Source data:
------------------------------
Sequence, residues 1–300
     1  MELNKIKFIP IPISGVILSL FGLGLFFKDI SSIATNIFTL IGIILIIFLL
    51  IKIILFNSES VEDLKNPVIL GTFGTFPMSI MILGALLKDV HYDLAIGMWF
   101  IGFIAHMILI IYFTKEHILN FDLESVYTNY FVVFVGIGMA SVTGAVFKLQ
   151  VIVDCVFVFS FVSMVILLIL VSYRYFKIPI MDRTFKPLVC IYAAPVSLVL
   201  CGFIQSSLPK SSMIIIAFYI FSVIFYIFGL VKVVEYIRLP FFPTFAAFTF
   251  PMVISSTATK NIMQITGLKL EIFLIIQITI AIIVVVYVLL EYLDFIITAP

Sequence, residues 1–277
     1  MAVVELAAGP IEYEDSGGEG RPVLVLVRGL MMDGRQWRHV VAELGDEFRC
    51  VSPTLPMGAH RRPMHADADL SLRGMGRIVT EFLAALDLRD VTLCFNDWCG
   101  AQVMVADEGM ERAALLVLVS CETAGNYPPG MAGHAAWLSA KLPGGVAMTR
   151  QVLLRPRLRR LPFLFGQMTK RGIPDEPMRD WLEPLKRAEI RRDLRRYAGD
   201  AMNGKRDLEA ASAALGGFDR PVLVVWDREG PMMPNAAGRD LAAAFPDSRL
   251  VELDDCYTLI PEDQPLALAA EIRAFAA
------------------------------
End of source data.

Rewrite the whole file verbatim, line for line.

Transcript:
Sequence, residues 1–300
     1  MELNKIKFIP IPISGVILSL FGLGLFFKDI SSIATNIFTL IGIILIIFLL
    51  IKIILFNSES VEDLKNPVIL GTFGTFPMSI MILGALLKDV HYDLAIGMWF
   101  IGFIAHMILI IYFTKEHILN FDLESVYTNY FVVFVGIGMA SVTGAVFKLQ
   151  VIVDCVFVFS FVSMVILLIL VSYRYFKIPI MDRTFKPLVC IYAAPVSLVL
   201  CGFIQSSLPK SSMIIIAFYI FSVIFYIFGL VKVVEYIRLP FFPTFAAFTF
   251  PMVISSTATK NIMQITGLKL EIFLIIQITI AIIVVVYVLL EYLDFIITAP

Sequence, residues 1–277
     1  MAVVELAAGP IEYEDSGGEG RPVLVLVRGL MMDGRQWRHV VAELGDEFRC
    51  VSPTLPMGAH RRPMHADADL SLRGMGRIVT EFLAALDLRD VTLCFNDWCG
   101  AQVMVADEGM ERAALLVLVS CETAGNYPPG MAGHAAWLSA KLPGGVAMTR
   151  QVLLRPRLRR LPFLFGQMTK RGIPDEPMRD WLEPLKRAEI RRDLRRYAGD
   201  AMNGKRDLEA ASAALGGFDR PVLVVWDREG PMMPNAAGRD LAAAFPDSRL
   251  VELDDCYTLI PEDQPLALAA EIRAFAA